Adventures in Book Reviewing

Is it just me, or does it make little to no sense to have people who openly admit their hatred for an author review said author’s work?

The early reviews of Pynchon’s Inherent Vice have been, at least in the various New York press, similarly negative.  What’s interesting is that they have tended to be equally dismissive of Against the Day. (Kakutani went so far as to describe Against the Day as “pretentious,” but I cannot for the life of me figure out what it is feigning to be other than, well, a Pynchon novel.)  Curiously, I don’t recall this being articulated so clearly and loudly in its reviews.  (Most just said it was, in varying degrees, unreadable — code for, I think, “I didn’t read it all, but wanted the money for writing this review.”   Another code for this same sentiment is: “This is a flawed masterpiece.”)  It is, as Adam said I were discussing just now, as though reviewers are using this shorter novel to more fully express their disdain for being expected to read Pynchon’s more typical (i.e., longer) stuff.   In short, they conclude: “We hate Pynchon when he’s being ambitious, and then we hate him even more when he writes a shorter book that’s more fun.”

15 thoughts on “Adventures in Book Reviewing

  1. This is as good a place to ask as any, I suppose: where do I start with Pynchon. I’m not afraid of long and/or difficult books. I just want to read the best one first.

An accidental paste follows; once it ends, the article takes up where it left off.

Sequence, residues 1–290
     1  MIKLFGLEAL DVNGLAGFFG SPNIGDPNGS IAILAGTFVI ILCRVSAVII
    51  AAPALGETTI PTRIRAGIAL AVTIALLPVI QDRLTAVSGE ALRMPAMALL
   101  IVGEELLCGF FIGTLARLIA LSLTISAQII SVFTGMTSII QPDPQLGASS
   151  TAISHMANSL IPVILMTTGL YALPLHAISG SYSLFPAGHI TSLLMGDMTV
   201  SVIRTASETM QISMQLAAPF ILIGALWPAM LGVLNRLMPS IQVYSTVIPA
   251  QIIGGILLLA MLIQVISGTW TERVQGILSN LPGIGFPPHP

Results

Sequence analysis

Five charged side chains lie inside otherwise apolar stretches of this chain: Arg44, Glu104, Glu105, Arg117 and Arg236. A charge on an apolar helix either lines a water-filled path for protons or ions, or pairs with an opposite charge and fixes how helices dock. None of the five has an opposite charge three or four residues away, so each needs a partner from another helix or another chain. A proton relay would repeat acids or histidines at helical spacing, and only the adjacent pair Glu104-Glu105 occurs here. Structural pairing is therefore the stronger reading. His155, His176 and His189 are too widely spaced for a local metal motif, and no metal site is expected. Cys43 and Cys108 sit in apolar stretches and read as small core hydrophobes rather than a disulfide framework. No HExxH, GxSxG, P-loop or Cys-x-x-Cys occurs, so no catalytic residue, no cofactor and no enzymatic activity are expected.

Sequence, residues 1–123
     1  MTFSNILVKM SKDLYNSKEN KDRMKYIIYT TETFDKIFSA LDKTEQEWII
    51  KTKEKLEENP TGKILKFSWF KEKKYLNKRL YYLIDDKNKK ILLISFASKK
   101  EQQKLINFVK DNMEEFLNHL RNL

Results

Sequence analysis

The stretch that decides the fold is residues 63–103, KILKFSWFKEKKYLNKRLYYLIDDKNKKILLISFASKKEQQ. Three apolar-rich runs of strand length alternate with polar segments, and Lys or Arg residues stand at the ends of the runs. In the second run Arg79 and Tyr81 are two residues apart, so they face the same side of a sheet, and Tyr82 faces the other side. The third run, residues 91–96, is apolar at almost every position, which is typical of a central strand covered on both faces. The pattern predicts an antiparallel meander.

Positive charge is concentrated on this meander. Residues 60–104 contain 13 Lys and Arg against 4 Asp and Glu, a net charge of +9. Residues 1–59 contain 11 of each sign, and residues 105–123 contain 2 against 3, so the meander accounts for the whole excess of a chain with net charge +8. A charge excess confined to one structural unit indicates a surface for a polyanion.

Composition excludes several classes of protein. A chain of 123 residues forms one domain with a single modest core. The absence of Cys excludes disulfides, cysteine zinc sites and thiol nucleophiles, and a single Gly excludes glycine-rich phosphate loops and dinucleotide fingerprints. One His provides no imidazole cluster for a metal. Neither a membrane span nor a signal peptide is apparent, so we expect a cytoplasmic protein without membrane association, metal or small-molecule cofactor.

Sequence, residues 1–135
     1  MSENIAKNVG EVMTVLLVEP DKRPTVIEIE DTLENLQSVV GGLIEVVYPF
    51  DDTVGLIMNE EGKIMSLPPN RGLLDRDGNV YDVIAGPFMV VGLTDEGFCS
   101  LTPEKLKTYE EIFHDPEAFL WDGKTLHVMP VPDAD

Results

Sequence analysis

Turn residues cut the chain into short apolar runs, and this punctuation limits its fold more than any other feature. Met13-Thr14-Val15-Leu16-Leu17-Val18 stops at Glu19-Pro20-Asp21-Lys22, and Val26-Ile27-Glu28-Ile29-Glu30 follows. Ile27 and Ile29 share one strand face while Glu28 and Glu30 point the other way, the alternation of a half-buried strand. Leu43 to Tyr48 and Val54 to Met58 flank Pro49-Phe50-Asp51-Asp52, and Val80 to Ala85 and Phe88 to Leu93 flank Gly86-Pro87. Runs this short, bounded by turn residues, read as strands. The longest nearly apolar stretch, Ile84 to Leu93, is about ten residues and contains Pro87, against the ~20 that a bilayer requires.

2. Maybe I am a non-Pynchon type (whatever that means) but I loved Crying of Lot 49 and had no impulse to continue reading beyond the first few pages of Gravity’s Rainbow or Vineland.

  3. The Crying of Lot 49 is definitely a great book. Thematically, it is all Pynchon. I love it. But, it is not really representative of his writing as a whole. I know countless people who feel the same as you, Hugh. I have no problem with people not liking Pynchon. A newspaper or magazine choosing reviewers who clearly dislike Pynchon’s work, however, seems kind of silly to me. Makes for a nice, zingy review — but not particularly helpful.

  4. I love it! There must be a place for the little boy to shout: The emperor has no clothes on! In all art. film, music, novels, dance. If the critic is an idiot, let no one listen. (I once critiqued T.S. Eliot’s Four Quartets
    as an undergrad and my professor said: ‘You have chutzpah.’ and I thought he thought I was a brilliant critic! ;))

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